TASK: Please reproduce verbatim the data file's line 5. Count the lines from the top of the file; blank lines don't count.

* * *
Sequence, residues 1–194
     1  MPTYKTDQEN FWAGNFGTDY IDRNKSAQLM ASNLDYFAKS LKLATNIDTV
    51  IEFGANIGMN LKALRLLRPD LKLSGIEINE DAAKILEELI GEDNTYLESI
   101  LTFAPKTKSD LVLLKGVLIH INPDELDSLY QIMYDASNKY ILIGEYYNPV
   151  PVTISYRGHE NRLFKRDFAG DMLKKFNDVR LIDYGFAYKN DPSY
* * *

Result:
   151  PVTISYRGHE NRLFKRDFAG DMLKKFNDVR LIDYGFAYKN DPSY